The tour begins in the human habitat area, where you'll see one of the apartments where the "Biospherians" lived, the farm where they grew their crops and the kitchen where they prepared their meals.

You'll then enter the wilderness areas through the airlock door, where you experience the various environments inside Biosphere 2, beginning with the tropical savanna.

The trail system works its way along the 40-foot ocean cliff where you can look down into the million-gallon tropical ocean. As you move along, you descend into the lower savanna along the mangrove wetlands, through the tropical thorn scrub and into the coastal fog desert.

From the desert, you enter the "technosphere," where mechanical systems control the Biosphere 2 environments. From the technosphere, you make your way into the tropical rainforest which contains over 150 different species of plants, some more than 60 feet tall.

Finally, you descend through a tunnel into one of two "lungs." The lungs are large geodesic domes that originally prevented Biosphere 2 from exploding or imploding.

I also remember seeing the ocean from below, through large windows.

These guided tours are given throughout the day. And group and school tours can also be arranged. Call (520) 838-6200 for more information and reservations of groups of 20 or more.

View of the Ocean in Biosphere 2

View of the Ocean in Biosphere 2

The Human Experiments

There Were Two at Biosphere 2

The first closed mission, which lasted from September 26, 1991, to September 26, 1993, included a crew of 8 researchers and a medical doctor. This mission was fraught with problems. Or challenges, rather.

For one, oxygen inside the facility fell steadily and, after 16 months, had decreased 14.5%, to a level equivalent to the oxygen available at an elevation of 18,000 feet. The doctor closely monitored oxygen levels and consulted with doctors on the outside. Eventually, he requested that pure oxygen be pumped in, and two more injections were needed after that.

Apparently, this issue was caused in part by low light levels. The weather that year was unusually overcast, which reduced photosynthesis. Not to mention that the structure's support beams also blocked a significant amount of light.

Many suspected the oxygen drop was due to microbes that had been added to the soil in the savanna, rain forest, and agricultural sections to aid plant growth. And the amount of carbon installed in the soil at the beginning of the experiment was too high. Scientists believed that these microbes were consuming too much oxygen from the air and converting the carbon in the soil into carbon dioxide.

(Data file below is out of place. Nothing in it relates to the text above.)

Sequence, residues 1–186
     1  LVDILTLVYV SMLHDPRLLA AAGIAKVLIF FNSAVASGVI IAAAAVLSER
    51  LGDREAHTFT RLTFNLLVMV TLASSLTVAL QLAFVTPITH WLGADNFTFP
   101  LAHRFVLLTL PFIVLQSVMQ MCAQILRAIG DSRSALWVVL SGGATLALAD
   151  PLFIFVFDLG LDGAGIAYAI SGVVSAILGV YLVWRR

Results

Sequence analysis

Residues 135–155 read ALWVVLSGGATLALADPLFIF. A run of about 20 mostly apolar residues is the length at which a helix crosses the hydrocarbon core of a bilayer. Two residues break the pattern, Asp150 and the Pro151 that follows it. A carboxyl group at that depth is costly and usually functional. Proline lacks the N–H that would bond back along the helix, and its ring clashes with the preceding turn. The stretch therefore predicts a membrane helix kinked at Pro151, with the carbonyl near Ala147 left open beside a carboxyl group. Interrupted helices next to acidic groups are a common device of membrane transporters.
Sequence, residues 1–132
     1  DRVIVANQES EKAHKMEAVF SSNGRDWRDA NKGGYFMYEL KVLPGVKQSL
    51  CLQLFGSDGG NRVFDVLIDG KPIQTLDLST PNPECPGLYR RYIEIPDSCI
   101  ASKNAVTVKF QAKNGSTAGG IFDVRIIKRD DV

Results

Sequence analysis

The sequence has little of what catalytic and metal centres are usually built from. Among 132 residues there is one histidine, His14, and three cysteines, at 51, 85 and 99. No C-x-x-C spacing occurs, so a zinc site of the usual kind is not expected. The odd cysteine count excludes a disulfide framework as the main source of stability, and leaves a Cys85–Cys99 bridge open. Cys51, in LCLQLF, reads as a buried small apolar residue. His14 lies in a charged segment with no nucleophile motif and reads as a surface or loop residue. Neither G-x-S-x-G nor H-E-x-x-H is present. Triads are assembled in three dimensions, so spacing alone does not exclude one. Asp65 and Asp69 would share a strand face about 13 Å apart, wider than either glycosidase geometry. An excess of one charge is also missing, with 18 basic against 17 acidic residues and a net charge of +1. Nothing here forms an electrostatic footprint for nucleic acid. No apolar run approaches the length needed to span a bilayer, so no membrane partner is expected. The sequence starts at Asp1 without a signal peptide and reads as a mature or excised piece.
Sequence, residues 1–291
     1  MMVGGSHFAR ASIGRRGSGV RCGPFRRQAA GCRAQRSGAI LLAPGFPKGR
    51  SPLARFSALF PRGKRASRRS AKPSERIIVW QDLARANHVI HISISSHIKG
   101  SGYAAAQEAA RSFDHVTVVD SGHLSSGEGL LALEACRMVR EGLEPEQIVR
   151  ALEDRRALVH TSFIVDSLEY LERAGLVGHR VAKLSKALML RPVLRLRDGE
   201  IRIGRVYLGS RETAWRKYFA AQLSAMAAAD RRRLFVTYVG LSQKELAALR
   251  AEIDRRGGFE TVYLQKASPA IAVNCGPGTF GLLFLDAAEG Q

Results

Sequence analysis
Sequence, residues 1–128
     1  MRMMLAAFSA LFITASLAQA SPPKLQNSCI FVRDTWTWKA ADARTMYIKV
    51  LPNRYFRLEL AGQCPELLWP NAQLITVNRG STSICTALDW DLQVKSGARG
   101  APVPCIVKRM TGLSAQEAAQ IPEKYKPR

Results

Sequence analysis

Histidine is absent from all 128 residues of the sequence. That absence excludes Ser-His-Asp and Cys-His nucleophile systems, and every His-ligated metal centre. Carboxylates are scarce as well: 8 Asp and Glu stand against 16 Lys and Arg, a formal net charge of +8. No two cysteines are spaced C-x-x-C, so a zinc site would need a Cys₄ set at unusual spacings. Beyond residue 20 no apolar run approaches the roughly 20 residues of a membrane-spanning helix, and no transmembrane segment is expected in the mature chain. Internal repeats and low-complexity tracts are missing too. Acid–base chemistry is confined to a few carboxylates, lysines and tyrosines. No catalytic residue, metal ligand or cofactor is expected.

One problem critics of this theory cited was that microbes breathing that much oxygen would also create a huge amount of carbon dioxide. So the increase in CO2 would have been greater than what was detected. More investigation revealed that the concrete throughout the facility was absorbing the oxygen because it had not fully cured. This allowed for a marked drop in oxygen levels without a significant rise in carbon dioxide.

Biosphere 2 also suffered from wildly fluctuating CO2 levels, and most of the vertebrates and all of the pollinating insects died. Ants were purposely introduced since they were a companion to one of the tree species in the rain forest. But by 1993, a species local to the area, which had been unintentionally sealed in, dominated.

Another problem reported by the nine Biospherians was continual hunger. While some crops, like bananas, peanuts and sweet potatoes, grew well, the very active inhabitants weren't able to grow enough food to satisfy their appetites.

The second closed mission with seven crew members began on March 6, 1994, with an intended ten-month span, but it ended prematurely six months later. During that time, a dispute amongst the management team led to the ousting of the on-site management by federal marshals and the issuance of a restraining order. And as juvenile as it sounds, in the wee hours of the morning on April 5th, 1994, two members of the first mission's crew deliberately vandalized the project, opening all doors and violating the enclosure. Soon after that, the captain of the team left.